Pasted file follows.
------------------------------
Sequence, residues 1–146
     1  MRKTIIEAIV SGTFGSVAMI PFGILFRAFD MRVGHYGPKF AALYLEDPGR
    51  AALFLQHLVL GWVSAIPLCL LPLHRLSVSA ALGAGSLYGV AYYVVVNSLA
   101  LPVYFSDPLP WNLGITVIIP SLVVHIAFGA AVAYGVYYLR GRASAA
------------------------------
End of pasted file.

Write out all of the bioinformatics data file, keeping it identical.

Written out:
Sequence, residues 1–146
     1  MRKTIIEAIV SGTFGSVAMI PFGILFRAFD MRVGHYGPKF AALYLEDPGR
    51  AALFLQHLVL GWVSAIPLCL LPLHRLSVSA ALGAGSLYGV AYYVVVNSLA
   101  LPVYFSDPLP WNLGITVIIP SLVVHIAFGA AVAYGVYYLR GRASAA